Great Throughts Treasury

This site is dedicated to the memory of Dr. Alan William Smolowe who gave birth to the creation of this database.

John Climacus, fully Saint John Climacus, aka John of the Ladder, John Scholasticus and John Sinaites

Christian Monk at the Monestary on Mount Sinai, Author of famous book, "The Climax" or "The Ladder of Perfection"

"As long as anger lives, she continues to be the fruitful mother of many unhappy children."

"As the prudent vintager eats only ripe grapes, and gathers not those which are green, so the eyes of a wise man rests only upon the virtue of others; whereas the eyes of the fool seeks only to discover in his neighbor vices and defects."

"You offered us your teachings as fruits of everlasting freshness, To sweeten the hearts of those who receive them with attention. O blessed and wise John, they are the rungs of a ladder, Leading the souls of those who honor you from earth to Eternal glory in Heaven!"

"By a flood of tears you made the desert fertile And by your longing for God you brought forth fruits in abundance. By the radiance of miracles you illuminated the whole universe."

"A chaste man is someone who has driven out bodily love by means of divine love, who has used heavenly fire to quench the fires of the flesh."

"A 'good' conscience is one that stands ready to convict oneself immediately with shame. There IS a difference between a 'good' conscience and a 'clear' conscience. The clear one can be dead or deceived."

"A person is at the beginning of a prayer when he succeeds in removing distractions which at the beginning beset him. He is at the middle of the prayer when the mind concentrates only on what he is meditating and contemplating. He reaches the end when, with the Lord, the prayer enraptures him."

"A man who has embraced poverty offers up prayer that is pure, while a man who loves possessions prays to material images."

"A man who takes pride in natural abilities — I mean cleverness, the ability to learn, skill in reading, good diction, quick grasp, and all such skills as we possess without having to work for them — this man, I say, will never receive the blessings of heaven, since the man who is unfaithful in little is unfaithful and vainglorious in much. And there are men who wear their bodies to no purpose in the pursuit of total dispassion, heavenly treasures, miracle working, and prophetic ability, and the poor fools do not realize that humility, not hard work, is the mother of such things. The man who seeks a quid pro quo from God builds on uncertainty, whereas the man who considers himself a debtor will receive sudden and unexpected riches."

"A proud monk needs no demon. He has turned into one, an enemy to himself."

"After a long spell of prayer, do not say that nothing has been gained, for you have already achieved something. After all, what higher good is there than to cling to the Lord and to persevere in unceasing union with Him?"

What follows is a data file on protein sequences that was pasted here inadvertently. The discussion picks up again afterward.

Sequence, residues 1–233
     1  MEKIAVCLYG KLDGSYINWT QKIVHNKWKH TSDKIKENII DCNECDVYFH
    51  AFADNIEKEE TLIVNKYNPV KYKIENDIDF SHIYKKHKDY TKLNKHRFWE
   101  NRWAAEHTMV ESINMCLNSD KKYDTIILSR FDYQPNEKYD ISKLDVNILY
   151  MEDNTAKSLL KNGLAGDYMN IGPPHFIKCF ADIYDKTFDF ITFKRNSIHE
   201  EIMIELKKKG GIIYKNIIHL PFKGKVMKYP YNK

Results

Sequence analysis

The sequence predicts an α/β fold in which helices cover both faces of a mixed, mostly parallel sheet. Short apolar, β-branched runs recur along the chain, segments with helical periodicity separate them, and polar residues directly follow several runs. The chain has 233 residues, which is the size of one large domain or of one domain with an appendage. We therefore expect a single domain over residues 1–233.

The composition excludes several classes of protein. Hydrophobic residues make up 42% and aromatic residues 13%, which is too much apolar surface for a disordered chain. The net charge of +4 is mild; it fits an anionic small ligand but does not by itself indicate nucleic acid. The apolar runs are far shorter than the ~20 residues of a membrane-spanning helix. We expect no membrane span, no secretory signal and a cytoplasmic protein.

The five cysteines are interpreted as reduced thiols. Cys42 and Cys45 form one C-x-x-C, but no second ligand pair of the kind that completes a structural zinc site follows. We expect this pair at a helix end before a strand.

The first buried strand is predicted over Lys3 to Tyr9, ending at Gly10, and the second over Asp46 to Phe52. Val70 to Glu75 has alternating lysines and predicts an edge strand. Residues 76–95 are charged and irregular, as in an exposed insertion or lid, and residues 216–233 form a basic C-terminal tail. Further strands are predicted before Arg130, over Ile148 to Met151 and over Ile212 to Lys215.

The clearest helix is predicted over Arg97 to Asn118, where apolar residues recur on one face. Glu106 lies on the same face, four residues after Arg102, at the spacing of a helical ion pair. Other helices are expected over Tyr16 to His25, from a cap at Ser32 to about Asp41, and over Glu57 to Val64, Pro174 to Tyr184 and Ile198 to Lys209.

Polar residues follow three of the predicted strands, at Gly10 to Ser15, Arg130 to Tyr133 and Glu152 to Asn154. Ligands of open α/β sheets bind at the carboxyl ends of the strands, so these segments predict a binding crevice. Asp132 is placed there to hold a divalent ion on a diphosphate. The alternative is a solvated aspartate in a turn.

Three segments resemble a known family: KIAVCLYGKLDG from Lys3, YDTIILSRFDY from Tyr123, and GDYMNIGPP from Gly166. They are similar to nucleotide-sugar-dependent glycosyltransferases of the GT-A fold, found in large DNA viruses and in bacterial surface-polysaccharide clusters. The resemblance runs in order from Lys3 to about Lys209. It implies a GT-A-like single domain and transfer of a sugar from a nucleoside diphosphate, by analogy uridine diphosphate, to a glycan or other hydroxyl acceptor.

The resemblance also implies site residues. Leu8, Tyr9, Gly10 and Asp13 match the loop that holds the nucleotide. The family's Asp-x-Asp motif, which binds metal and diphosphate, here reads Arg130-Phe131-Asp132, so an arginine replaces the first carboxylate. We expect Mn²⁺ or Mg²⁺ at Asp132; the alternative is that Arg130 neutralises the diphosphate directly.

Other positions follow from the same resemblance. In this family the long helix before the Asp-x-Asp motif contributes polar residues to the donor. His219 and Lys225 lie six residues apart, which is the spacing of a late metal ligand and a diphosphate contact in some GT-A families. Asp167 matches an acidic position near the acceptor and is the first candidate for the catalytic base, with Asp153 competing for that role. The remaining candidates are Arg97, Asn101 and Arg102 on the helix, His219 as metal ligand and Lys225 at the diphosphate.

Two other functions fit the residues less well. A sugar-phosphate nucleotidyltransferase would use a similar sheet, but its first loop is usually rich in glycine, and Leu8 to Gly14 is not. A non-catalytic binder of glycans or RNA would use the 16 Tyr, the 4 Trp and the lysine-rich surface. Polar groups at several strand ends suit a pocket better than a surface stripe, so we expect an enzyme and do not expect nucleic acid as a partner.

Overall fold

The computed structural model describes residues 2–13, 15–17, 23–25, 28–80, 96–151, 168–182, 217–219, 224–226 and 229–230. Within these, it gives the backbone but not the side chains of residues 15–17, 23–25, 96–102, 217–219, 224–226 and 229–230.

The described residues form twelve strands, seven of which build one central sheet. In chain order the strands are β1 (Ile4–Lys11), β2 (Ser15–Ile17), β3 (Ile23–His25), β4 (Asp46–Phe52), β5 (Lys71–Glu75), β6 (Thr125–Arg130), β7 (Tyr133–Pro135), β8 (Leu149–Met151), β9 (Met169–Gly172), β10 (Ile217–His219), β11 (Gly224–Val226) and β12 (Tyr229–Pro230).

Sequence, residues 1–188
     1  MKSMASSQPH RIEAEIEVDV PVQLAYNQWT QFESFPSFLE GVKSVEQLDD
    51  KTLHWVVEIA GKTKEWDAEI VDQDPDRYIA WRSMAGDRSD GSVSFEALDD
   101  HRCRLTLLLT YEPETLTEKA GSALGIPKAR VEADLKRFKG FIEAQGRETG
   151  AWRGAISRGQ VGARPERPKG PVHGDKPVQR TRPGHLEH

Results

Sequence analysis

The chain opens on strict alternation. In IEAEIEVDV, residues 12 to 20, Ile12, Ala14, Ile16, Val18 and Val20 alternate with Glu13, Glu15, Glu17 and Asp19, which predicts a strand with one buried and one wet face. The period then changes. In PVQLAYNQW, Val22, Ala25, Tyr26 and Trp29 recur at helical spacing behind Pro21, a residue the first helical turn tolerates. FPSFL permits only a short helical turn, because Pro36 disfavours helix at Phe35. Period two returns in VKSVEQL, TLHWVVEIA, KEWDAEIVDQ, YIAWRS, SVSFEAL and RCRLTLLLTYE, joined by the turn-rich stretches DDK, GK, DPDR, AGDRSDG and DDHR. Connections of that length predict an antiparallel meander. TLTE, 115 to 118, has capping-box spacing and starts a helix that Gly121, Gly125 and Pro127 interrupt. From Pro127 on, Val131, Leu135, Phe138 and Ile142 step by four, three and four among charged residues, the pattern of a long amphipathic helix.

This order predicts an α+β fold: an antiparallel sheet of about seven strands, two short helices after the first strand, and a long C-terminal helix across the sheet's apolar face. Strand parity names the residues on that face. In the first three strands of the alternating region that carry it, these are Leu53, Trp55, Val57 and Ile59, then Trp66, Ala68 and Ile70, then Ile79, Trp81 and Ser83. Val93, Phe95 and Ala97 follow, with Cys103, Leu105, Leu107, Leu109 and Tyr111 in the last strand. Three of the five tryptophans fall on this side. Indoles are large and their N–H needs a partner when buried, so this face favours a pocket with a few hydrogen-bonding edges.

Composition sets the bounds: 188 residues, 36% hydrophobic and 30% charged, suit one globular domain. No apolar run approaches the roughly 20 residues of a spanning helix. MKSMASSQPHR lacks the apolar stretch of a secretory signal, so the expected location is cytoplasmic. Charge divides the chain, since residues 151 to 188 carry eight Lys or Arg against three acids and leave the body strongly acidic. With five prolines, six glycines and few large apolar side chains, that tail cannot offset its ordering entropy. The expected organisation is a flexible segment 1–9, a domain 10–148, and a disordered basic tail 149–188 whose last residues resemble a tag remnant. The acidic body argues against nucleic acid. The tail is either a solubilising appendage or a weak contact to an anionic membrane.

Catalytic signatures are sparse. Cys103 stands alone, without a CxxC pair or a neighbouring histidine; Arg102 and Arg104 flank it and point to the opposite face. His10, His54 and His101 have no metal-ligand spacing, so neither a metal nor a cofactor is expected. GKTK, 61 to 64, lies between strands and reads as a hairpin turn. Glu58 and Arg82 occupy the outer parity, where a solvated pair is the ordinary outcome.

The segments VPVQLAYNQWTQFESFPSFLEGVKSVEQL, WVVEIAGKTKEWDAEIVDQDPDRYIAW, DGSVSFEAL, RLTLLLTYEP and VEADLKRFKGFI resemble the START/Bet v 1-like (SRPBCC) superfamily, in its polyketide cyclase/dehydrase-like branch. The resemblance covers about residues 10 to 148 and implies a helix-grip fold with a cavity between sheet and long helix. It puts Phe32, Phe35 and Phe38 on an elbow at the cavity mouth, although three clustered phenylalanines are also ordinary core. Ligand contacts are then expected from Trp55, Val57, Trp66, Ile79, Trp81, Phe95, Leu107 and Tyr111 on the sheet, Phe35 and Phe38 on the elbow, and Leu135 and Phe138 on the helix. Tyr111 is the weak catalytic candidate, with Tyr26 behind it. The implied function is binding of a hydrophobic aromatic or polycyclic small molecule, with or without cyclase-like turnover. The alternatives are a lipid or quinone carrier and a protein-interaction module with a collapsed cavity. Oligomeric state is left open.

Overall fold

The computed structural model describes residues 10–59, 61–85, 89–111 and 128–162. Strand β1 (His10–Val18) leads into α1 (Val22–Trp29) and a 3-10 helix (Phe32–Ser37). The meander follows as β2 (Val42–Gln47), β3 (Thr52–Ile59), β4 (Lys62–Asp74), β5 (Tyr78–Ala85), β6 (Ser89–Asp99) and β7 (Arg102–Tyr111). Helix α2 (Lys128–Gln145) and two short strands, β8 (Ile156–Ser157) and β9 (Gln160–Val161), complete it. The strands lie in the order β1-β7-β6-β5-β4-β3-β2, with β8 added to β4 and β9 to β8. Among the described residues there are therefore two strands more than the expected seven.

"After God, let us have our conscience as our mentor and rule in all things, so that we may know which way the wind is blowing and set our sails accordingly."

"A servant of the Lord is he who in body stands before men, but in mind knocks at Heaven with prayer."

"And there are men who wear out their bodies to no purpose in the pursuit of total dispassion, heavenly treasures, miracle working, and prophetic ability, and the poor fools do not realize that humility, not hard work, is the mother of such things."

"All creatures have received from the Creator their order of being and their beginning, and some their consummation too. But the end of virtue is endless. For the Psalmist says: Of all perfection I have seen the end, but Thy commandment is exceeding spacious and endless. If some good ascetics go from the strength of action to the strength of divine vision, and if love never faileth, and if the Lord will guard the coming in of your fear and the going out of your love, then the end of love will be truly endless. We shall never cease to advance in it, either in the present or in the future life, continually adding light to light. And however strange what I have said may seem to many, nevertheless it shall be said. According to the testimonies we have given, I would say, blessed father, even the spiritual beings [i.e. the angels] do not lack progress; on the contrary, they ever add glory to glory, and knowledge to knowledge."

"A victim of sensuality who had overcome his weakness told me once that within people of this kind there flourishes a yearning for bodies, a shameless, and terrible spirit that asserts itself at the very heart’s core. Sheer physical pain burns so fiercely in the heart that it is like being scorched by an open fire. The sufferer finds that because of this he has no fear of God, he spurns the thought of punishment, turns away from prayer, and the sight of a corpse moves him no more than if it were a stone. He is like someone out of his mind, in a daze and he is perpetually drunk with desire for man or beast. And if a limit were not placed on the activities of this demon, no one would be saved, no one who is made of clay mingled with blood and foul moisture."